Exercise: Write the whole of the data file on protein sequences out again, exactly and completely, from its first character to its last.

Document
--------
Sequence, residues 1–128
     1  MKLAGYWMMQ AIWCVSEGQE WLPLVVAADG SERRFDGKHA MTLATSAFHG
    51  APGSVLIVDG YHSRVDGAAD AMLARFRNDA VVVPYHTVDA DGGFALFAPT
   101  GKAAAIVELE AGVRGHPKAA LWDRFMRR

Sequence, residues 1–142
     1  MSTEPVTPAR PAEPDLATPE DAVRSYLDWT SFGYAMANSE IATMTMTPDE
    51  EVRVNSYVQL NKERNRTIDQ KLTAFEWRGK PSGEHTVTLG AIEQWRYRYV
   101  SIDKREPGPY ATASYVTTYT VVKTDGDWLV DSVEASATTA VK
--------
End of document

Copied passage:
Sequence, residues 1–128
     1  MKLAGYWMMQ AIWCVSEGQE WLPLVVAADG SERRFDGKHA MTLATSAFHG
    51  APGSVLIVDG YHSRVDGAAD AMLARFRNDA VVVPYHTVDA DGGFALFAPT
   101  GKAAAIVELE AGVRGHPKAA LWDRFMRR

Sequence, residues 1–142
     1  MSTEPVTPAR PAEPDLATPE DAVRSYLDWT SFGYAMANSE IATMTMTPDE
    51  EVRVNSYVQL NKERNRTIDQ KLTAFEWRGK PSGEHTVTLG AIEQWRYRYV
   101  SIDKREPGPY ATASYVTTYT VVKTDGDWLV DSVEASATTA VK